Do we need to study religious
books to determine how to be good?
Topic: Do you need God to be a genuinely moral person?
Christian: Pastor Keith Thomas
Secular Humanist: Tom Gebhardt
Moderator: Bernie Dehler
6:00-6:30: Dinner and small talk (free pizza and soda)
6:30-6:40: Speaker 1
6:40-6:50: Speaker 2
6:50-7:00: Tom and Keith question each other (5 min. each)
7:00-8:00: Audience Q & A
Sometimes people bring their kids to these events (middle school aged and above). It's a great idea to expose them to other viewpoints.
Pastor Keith is a new speaker for this series, so here's some more background info on him:
Keith is Assistant Pastor at Evergreen Presbyterian Church, is a Masters graduate of Wheaton College, and career missionary having served in Mexico City and Guadalajara for 18 years. He is fluent in Spanish and is a presuppositional apologist.
Preliminary thoughts from Pastor Keith (Christian):
It might surprise atheists to find that Christians do believe that atheists can perform moral acts and conform to a moral standard. However, the question must go deeper than that for Christians as morality, as everything else in the created order, has as both it's origin and object God himself. The atheist must answer the very difficult question of what is moral and how he/she knows that or go the other equally difficult path of moral relativism.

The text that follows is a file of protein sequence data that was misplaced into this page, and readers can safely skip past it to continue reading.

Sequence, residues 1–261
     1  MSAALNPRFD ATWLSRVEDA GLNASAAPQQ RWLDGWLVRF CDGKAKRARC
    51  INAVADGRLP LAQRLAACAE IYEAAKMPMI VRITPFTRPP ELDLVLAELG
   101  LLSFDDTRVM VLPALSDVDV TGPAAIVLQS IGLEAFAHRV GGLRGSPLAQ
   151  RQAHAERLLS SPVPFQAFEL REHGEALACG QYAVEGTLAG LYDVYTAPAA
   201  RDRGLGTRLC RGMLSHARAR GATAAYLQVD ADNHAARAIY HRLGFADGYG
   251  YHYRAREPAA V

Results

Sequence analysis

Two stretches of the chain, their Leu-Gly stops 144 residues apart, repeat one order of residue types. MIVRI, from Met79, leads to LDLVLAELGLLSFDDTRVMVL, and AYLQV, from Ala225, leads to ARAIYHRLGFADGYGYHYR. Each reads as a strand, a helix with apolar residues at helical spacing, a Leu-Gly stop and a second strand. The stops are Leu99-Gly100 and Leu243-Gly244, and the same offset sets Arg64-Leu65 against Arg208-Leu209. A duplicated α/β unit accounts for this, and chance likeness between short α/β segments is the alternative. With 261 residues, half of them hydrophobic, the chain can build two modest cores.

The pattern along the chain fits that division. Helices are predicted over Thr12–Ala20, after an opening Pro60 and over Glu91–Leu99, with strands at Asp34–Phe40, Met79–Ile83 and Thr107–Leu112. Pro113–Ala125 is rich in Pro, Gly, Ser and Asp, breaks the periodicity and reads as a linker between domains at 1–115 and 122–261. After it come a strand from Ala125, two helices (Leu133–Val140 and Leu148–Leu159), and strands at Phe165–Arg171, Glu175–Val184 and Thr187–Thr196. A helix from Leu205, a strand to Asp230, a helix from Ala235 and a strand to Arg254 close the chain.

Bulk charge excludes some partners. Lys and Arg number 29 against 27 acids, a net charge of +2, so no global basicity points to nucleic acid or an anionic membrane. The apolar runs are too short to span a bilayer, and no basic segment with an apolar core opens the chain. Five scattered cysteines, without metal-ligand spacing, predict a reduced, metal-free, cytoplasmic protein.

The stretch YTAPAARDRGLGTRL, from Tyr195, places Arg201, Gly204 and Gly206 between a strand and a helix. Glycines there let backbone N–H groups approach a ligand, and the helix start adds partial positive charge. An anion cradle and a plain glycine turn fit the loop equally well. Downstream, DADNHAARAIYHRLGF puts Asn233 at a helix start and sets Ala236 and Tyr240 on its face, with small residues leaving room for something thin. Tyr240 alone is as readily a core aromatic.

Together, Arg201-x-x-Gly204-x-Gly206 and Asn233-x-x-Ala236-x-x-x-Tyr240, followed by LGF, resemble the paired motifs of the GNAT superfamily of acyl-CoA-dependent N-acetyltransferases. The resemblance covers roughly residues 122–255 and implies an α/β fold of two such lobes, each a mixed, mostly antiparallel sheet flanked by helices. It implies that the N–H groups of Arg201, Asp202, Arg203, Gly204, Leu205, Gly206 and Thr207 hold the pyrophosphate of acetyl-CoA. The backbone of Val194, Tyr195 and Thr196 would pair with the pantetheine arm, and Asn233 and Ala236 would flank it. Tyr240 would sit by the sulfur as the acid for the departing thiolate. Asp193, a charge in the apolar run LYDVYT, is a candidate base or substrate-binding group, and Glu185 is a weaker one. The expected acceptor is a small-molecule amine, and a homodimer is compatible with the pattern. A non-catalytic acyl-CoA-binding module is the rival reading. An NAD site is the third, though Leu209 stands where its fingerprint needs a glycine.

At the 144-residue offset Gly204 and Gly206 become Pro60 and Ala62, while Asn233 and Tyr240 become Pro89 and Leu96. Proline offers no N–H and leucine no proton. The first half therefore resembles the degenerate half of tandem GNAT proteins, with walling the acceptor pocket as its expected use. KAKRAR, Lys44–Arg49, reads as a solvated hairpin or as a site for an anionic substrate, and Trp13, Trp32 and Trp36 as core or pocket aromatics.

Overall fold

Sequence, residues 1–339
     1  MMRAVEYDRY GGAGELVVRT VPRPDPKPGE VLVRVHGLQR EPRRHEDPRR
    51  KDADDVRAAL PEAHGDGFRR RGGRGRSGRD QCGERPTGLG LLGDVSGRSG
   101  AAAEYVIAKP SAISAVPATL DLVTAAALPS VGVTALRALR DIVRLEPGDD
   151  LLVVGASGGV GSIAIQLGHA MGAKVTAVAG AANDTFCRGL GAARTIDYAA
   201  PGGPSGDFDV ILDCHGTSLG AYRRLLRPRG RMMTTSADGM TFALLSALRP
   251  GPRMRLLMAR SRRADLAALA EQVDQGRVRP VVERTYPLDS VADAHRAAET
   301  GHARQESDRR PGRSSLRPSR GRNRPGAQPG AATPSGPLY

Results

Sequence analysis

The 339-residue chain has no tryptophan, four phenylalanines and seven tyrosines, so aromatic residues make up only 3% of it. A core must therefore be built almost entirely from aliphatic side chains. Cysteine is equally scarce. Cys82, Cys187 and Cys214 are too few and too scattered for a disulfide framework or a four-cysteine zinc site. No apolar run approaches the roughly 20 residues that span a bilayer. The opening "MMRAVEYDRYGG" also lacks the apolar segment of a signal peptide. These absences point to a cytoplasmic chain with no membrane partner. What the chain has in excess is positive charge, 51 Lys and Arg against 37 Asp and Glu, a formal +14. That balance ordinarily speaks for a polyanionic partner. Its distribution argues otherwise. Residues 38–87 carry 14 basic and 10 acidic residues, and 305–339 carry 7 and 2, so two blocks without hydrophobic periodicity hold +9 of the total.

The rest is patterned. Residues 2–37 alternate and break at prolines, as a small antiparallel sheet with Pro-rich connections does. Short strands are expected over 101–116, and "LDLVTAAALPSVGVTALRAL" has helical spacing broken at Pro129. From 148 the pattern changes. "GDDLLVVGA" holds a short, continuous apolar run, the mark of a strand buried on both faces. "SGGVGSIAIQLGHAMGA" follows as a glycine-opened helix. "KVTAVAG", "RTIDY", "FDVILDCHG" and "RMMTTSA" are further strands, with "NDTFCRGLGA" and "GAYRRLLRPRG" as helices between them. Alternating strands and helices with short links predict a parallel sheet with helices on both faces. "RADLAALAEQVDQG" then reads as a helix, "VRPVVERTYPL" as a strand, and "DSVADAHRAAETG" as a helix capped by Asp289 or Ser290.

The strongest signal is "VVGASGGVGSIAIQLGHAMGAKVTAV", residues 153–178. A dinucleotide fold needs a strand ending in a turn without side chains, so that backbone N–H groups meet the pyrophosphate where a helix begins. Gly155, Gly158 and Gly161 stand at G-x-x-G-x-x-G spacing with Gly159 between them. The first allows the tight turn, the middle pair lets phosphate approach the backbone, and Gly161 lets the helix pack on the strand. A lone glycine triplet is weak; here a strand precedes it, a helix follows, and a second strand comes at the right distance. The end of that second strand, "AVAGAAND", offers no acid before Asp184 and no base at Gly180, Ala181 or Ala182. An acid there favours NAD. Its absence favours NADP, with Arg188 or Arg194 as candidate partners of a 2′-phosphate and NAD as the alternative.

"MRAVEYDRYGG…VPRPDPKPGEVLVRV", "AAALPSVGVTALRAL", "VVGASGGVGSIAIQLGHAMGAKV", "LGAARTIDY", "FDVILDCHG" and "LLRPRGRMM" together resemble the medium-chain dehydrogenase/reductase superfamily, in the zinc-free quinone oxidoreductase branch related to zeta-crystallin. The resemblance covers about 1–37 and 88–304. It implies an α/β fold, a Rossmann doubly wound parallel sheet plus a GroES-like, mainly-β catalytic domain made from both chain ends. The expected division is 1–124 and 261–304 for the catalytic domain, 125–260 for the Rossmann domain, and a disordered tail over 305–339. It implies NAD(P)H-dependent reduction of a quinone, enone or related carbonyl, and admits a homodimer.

Preliminary thoughts from Tom Gebhardt (atheist, Secular Humanist):
The main question is: Do you need God to be a genuinely moral person? It can also be asked from the position of a nonbeliever, "Does disbelieving in God encourage people to be less moral?" That actually can be a complicated question because really what is it that encourages me AND discourages me in being moral? Is it love? Is it fear? Are we really all consequentialists at heart? I will try to touch upon these questions and other issues to truly answer the question: Do you need God to be a genuinely moral person?
Preliminary thoughts from Bernie Dehler (moderator):
Christians look to the Bible for moral guidance. But what does the Bible tell us about the morality of God? In the Old Testament, God tells people to take an "eye for an eye, (Exodus 21:24)" as justice. But in the New Testament, Jesus (also considered to be God by Christians) says NOT to do "eye for eye" but instead to "turn the other cheek (Matt. 5:38-39)." So did God change his mind... or how can these verses rightly be interpreted? As for atheists, many of them seemed pleased to do whatever they want, with no fear of eternal punishment or having someone that "knows all" watching them. Does disbelieving in God encourage people to be less moral, since there are no ultimate consequences according to their worldview?